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Published February 12th, 2014
Why Not Every Day?
By Youngjoo Ahn
Youngjoo Ahn is a senior at Miramonte High School. In her free time she hosts Express Yourself!(r) Teen Radio, enjoys volunteering, and reads voraciously.

The romantic nature of Valentine's Day began with Chaucer and Shakespeare even though the disputed existence of St. Valentine occurred years earlier. Valentine's greetings were popular in the Middle Ages but the real market for ready-made cards began in 1913 with the creation of Hallmark.
Today, although Valentine's Day is touted as being a day celebrating love, in my opinion it is really only about mass commercialism. Last year sales on Valentine's Day reached $17.6 billion. Storefronts to mobile games to children's books encourage consumption with pink and red heart decorations and generic sayings of affection. Sweethearts feel obligated to buy flowers, chocolates, or jewelry to express their love.
The only people who win on Valentine's Day are the owners of companies that benefit from a shopping populace. Instead of cherishing loved ones, Valentine's Day has added a price tag to love. This so-called holiday pressures people to buy gifts for those they care about.
"I think Valentine's Day is a corporate plot to allow companies to make billions of dollars. I'm not against it because love is to be celebrated. It just doesn't need all the chocolate and flowers that people associate with it," senior Ruwan Thilakaratne said. "Show someone you genuinely care about them by writing a letter or spending the day with them."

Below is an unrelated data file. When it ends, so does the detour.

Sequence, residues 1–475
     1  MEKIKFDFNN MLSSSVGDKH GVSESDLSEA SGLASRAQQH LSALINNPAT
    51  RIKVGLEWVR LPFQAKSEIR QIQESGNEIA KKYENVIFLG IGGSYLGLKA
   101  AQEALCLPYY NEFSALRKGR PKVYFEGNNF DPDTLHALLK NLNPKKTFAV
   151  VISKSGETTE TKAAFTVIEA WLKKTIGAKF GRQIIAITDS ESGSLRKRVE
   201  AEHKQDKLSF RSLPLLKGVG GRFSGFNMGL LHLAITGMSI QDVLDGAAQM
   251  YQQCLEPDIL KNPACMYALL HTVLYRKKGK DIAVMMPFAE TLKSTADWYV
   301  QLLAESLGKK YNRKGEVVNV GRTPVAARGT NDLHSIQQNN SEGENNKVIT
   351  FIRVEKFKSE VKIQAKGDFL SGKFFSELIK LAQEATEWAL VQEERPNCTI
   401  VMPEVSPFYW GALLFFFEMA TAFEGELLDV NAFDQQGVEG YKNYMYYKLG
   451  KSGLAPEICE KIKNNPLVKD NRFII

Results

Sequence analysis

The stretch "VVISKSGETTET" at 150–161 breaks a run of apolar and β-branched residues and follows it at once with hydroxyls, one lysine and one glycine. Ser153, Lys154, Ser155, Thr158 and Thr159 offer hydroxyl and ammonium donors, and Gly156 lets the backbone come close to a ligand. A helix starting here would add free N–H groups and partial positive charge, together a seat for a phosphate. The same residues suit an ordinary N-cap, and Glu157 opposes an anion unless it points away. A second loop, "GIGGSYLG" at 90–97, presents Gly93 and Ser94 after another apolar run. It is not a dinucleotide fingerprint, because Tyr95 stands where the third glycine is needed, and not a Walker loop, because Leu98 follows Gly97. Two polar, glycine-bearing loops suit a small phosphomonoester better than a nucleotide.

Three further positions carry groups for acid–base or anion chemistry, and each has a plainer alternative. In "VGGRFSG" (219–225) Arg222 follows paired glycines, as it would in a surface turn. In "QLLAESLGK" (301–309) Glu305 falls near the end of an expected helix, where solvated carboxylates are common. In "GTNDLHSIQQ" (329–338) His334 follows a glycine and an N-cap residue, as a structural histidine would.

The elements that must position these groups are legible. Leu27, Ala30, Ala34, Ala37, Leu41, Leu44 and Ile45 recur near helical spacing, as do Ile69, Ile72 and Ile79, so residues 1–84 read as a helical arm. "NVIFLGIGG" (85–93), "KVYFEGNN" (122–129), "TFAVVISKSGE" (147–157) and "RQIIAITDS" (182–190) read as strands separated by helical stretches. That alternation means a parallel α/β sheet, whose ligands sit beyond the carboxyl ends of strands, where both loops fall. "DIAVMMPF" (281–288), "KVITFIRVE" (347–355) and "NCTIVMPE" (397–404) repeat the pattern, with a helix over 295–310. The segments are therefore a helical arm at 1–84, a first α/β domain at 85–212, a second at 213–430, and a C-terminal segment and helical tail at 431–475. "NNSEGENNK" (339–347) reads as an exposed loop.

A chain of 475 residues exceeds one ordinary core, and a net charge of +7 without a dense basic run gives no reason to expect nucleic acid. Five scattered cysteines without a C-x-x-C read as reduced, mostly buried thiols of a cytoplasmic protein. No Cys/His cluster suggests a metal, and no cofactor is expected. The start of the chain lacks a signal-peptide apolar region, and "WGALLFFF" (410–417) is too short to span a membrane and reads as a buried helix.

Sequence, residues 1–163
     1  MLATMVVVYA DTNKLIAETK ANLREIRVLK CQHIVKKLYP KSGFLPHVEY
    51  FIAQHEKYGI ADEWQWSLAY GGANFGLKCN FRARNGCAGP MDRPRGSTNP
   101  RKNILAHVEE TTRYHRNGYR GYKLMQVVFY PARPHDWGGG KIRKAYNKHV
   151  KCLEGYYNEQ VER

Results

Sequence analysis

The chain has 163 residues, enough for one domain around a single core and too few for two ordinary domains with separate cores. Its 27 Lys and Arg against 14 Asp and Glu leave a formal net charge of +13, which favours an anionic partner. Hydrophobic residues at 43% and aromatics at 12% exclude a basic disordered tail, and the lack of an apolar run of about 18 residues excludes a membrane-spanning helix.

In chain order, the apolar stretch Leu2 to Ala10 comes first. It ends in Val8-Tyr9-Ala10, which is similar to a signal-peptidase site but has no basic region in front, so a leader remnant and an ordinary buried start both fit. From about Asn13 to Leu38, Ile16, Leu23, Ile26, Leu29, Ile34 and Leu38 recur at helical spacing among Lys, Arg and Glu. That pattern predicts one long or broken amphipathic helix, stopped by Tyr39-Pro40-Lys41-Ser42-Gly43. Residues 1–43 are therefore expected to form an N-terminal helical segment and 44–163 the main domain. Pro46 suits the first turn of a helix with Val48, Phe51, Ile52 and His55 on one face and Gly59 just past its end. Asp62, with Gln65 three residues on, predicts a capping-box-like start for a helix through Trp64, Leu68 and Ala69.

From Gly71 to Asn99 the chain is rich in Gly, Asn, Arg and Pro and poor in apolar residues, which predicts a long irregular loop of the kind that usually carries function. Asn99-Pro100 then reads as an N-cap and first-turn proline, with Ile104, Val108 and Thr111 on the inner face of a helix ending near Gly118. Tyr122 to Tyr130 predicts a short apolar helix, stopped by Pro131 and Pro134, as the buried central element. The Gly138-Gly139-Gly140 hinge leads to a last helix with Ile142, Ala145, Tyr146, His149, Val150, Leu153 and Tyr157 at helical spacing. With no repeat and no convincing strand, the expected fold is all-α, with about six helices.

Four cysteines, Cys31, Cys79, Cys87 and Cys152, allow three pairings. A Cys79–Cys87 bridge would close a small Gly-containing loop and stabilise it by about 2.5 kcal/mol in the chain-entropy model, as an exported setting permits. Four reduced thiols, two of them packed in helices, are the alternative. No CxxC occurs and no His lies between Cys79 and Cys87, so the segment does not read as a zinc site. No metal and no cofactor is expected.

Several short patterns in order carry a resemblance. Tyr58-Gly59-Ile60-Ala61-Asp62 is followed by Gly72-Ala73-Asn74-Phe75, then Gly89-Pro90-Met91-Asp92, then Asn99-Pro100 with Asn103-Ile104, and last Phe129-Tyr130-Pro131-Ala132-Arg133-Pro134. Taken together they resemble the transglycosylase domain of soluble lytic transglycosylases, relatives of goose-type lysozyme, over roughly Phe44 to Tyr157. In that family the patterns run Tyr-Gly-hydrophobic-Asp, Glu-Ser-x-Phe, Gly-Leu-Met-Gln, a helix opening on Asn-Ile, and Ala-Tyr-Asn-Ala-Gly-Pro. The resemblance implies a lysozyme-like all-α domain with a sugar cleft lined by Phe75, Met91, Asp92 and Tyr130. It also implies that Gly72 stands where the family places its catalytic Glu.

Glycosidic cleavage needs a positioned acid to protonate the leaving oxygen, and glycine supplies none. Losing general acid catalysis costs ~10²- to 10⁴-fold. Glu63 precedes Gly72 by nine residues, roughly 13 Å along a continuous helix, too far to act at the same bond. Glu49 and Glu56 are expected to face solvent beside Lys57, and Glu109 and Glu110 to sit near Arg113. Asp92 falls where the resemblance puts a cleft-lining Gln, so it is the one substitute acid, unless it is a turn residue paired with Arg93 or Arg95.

"I think Valentine's Day is a very commercialized holiday that's only celebrated to make money. It's only really fun for little kids and couples," senior Devin Mottier said. "There shouldn't have to be a specific day to tell somebody you love them. That's something that should be expressed without a holiday coaxing it out of you."
Because Valentine's Day has become so commercialized, it often ostracizes those who do not receive flowers and gifts. Being single shouldn't make you feel lonely and depressed yet the anti-Valentine's Day, called Single's Awareness Day, or "SAD," has arisen.
"Valentine's Day is a unique holiday where I eat a lot of candy and reevaluate my life as a loner. As a guy, I feel pressured to buy something on Valentine's Day. If a person is in a relationship, it is mandatory to spend on this holiday," sophomore Scott Wu said.
Valentine's Day has lost its meaning because of commercialization. There doesn't need to be a holiday celebrating love, especially when celebrating love consists of the obligation to go on a shopping spree. To me, every day is a time to cherish loved ones, showing them how special they are to me without the added expense of chocolate, flowers, and jewelry.

Teen Scene is YOUR voice. If you have something to say or have writing skills and want to be part of our Teen Scene team, email our Teen Coach, Cynthia Brian, Cynthia@CynthiaBrian.com.
The opinions expressed in Teen Scene are those of the writer and not necessarily those of the Lamorinda Weekly.

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